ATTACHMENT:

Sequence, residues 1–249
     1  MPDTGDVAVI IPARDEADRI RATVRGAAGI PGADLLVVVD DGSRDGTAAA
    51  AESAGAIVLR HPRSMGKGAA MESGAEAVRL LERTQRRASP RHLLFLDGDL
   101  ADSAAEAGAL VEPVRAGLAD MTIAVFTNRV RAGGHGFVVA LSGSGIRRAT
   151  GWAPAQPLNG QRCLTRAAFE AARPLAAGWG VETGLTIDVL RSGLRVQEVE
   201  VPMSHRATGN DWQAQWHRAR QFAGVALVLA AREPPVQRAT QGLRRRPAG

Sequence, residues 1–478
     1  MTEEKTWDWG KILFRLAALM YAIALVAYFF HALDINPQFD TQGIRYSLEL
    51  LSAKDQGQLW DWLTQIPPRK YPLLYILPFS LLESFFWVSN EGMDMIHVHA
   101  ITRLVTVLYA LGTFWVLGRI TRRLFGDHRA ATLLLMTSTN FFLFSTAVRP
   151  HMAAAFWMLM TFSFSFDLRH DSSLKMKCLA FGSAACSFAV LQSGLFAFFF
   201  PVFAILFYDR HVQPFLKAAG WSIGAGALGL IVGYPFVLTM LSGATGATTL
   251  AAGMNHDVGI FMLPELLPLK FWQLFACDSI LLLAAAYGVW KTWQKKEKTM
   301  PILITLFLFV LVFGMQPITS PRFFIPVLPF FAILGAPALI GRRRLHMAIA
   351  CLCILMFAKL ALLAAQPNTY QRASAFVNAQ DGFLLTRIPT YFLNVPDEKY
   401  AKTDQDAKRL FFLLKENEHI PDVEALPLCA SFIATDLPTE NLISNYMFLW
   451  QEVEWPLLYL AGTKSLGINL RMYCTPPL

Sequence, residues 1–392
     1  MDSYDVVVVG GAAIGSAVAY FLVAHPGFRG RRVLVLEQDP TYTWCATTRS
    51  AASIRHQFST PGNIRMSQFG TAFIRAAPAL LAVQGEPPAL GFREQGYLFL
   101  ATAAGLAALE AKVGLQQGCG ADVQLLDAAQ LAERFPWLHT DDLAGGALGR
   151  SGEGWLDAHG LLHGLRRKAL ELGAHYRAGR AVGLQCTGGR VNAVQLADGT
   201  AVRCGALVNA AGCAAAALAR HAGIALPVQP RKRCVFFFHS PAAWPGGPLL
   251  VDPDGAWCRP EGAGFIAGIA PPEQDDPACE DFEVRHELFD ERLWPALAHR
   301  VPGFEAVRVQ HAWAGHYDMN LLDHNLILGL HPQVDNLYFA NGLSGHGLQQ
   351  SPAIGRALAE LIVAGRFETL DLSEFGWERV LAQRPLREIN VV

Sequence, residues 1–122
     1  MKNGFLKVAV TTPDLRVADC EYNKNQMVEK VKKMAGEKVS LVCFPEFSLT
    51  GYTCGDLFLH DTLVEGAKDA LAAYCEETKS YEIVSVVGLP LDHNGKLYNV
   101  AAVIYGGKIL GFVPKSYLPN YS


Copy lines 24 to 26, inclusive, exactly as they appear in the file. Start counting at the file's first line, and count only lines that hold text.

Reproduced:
   251  VDPDGAWCRP EGAGFIAGIA PPEQDDPACE DFEVRHELFD ERLWPALAHR
   301  VPGFEAVRVQ HAWAGHYDMN LLDHNLILGL HPQVDNLYFA NGLSGHGLQQ
   351  SPAIGRALAE LIVAGRFETL DLSEFGWERV LAQRPLREIN VV